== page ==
Mrs. Mock knew above all else that Mr. Wood would be prompt. He had been a stickler about time from their first meeting.

This very night, he opened his office door at the exact moment the cuckoo clock in his office sang out six times. He handed her the overstuffed cookie basket to start their liaison, and he gave her fastidious instructions about its delivery. He made her repeat them twice.
Then he let her play Little Red Riding Hood for him.
Oh, my, Mr. Wood. What big hands you have! What big teeth you have! What big … everything … you have! 

A hot memory on a cold, cold night. Mrs. Mock would not forget their last adventure together.
She softly smiled and let a sherry sip roll down her tongue. She felt its soft hot explosion on the back of her palate. Her eyes watered just a little.

Blue. Yellow. Blood red. 

Mr. Woods had dominated her. He could have eaten her up … 

Blue. Yellow. Blood red.

What was that? 

Thump. Thumpbump.

Mrs. Mock heard a sound. In the basement.


She put her nose once again in the sherry glass. Mrs. Mock glanced through the picture window past the Christmas tree. 

Empty driveway. Mr. Wood’s car was nowhere to be seen. 

She thought maybe that noise …

Mrs. Mock glanced at her watch a third time. 

He was late? Mr. Wood? With those nasty kids waiting?

She felt uneasy. 

What made that noise under her floorboards?

It had not been her imagination. Mrs. Mock knew this. Why, all her life she’d be told she didn’t have any imagination... 

She went to the telephone. Then, she hesitated. Mr. Wood wouldn’t be happy, she knew. He had given her strict orders … and stressed them dramatically, repeatedly … to never, ever, dial his number except on Friday after dark. After his signal.

Only at the appointed hour.

Mrs. Mock drank more sherry, this time a gulp.

She calmed herself with a reminder that Mr. Wood would pull up the driveway any second. She could ask him to take a quick look around in the basement.

Mr. Wood was big, and very strong. He could take care of any problem.

How unusual that he ran late. This night, of all nights …


Mrs. Mock jumped. She nearly gave a little yelp. Her heart pounded like the drums she could hear off in downtown Lafayette.

No mistaking. Something loud moved … or fell … in her basement.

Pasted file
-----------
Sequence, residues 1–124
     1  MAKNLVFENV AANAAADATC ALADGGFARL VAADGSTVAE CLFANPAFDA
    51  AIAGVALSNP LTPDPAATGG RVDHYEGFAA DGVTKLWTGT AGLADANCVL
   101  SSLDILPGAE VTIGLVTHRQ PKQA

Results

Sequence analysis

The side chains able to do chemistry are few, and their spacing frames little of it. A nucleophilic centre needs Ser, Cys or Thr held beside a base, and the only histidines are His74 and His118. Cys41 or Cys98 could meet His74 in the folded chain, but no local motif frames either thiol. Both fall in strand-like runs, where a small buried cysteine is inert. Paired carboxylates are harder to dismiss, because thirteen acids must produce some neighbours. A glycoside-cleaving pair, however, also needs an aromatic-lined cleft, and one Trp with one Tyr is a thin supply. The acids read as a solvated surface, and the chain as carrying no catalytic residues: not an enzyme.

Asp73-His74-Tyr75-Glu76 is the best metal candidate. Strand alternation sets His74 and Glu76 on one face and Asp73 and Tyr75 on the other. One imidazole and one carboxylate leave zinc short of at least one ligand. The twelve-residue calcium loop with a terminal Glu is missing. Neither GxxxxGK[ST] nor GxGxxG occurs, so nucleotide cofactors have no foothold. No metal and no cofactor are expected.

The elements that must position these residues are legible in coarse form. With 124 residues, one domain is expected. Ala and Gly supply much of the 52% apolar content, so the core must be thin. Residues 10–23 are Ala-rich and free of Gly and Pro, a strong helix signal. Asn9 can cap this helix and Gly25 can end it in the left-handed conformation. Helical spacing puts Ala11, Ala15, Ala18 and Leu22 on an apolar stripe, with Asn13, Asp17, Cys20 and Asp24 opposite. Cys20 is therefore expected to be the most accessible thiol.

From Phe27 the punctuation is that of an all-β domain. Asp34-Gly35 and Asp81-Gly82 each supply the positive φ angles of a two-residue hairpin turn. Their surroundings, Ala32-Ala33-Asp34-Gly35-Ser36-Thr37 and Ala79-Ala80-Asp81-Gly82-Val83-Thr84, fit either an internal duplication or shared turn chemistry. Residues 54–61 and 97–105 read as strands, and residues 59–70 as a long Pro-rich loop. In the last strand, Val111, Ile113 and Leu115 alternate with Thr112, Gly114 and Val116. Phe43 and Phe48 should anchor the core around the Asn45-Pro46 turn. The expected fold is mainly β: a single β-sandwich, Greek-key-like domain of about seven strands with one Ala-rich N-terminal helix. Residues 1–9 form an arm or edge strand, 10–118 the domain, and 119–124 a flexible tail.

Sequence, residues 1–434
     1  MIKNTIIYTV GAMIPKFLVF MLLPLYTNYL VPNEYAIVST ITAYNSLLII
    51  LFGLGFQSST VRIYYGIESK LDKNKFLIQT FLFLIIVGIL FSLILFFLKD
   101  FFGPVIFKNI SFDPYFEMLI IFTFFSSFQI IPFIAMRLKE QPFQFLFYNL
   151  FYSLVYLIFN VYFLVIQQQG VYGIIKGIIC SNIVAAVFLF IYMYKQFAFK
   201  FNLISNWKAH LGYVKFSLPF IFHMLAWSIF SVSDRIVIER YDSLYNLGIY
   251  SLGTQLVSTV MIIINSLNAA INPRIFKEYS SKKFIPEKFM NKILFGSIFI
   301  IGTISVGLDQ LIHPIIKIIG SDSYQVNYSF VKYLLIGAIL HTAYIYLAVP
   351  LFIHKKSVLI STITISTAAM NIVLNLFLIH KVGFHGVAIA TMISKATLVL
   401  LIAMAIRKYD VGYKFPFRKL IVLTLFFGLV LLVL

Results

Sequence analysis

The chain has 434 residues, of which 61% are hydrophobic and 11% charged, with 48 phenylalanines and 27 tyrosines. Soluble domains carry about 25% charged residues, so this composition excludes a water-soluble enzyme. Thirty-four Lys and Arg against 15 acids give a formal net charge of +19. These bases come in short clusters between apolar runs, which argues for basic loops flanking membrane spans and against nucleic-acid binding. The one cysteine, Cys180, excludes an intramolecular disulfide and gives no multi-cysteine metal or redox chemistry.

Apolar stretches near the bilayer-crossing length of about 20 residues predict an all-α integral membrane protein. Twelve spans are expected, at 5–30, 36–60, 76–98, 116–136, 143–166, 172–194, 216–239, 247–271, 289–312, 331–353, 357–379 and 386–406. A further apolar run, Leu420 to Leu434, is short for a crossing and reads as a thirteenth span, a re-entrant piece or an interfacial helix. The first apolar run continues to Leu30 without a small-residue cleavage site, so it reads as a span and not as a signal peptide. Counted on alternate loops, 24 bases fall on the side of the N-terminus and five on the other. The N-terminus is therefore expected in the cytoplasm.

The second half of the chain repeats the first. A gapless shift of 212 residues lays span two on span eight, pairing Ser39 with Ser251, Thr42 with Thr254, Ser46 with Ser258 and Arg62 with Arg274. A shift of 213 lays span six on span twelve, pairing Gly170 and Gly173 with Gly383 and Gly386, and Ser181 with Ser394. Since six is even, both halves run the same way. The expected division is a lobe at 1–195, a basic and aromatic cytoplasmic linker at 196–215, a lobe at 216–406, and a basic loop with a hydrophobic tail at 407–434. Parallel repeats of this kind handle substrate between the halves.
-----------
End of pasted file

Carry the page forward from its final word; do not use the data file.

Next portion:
Could it be an animal? A big ugly raccoon? She hated raccoons! A wharf rat? Even worse! Could it be some nasty creature with rabies?

Mrs. Mock slowly pulled open a kitchen drawer. She lifted out a 100-year-old butcher knife. 

Her knife had a history. 

Its story had come down for generations. A great-great-grandmother had mortally plunged the knife into the yellow belly of a Yankee who dared enter the Mock family house in Macon, way back when. Ever since, the Mock women made sure their husbands heard that story.

She quietly set down the empty sherry glass on the kitchen counter and moved slowly down the hallway. The basement door waited on her left. She gripped the knife in her right hand, adjusting it this way and that, seeking the right grip, the right heft. If she had to use it, she would use it right. 

The metal grill over the floor furnace made an aching, hissing sound when she stepped onto it. 
Mrs. Mock stopped walking. She listened with all her might for any new sounds from below her feet.

The furnace light stared up her red dress with an unblinking blue eye. 

Mrs. Mock’s skin crawled. She suddenly remembered making fun of Mary Rogers last year when that sickly little child got scared some scary old devil lived in the furnace. 

Mary’s fear didn’t seem so ridiculous all of a sudden.


Oh my God! Mrs. Mock thought, her terror soaring now, the knife raised over her head. There really is something down there, down the basement stairs! Something moving …

She stared down past her red shoes and into the furnace. Mrs. Mock felt her breath coming in and out in quick pants, like puppy breathing on a hot day. She clenched the knife handle so tightly it cut off the flow of blood to her fingers.

The knife. 

She held the knife. It protected her family in the war. It would protect her now.


Mrs. Mock reached the basement door in the hallway. On the other side, a rickety wooden stairway led down into that darkness. Awful place. She couldn’t remember the last time she set foot on those stairs. She always made the hired help carry boxes down and bring boxes back up. If something bit or attacked the hired help down there … well, who cared about a housemaid anyway?

Mrs. Mock placed her trembling left hand on the cold doorknob. A draft below the door licked her ankles. Her heart pounded so loud she could actually hear it, physically pumping, inside her chest.

She readied the knife. She jerked the door handle. The hinges shrieked.

 Nosound at all came from the darkness below.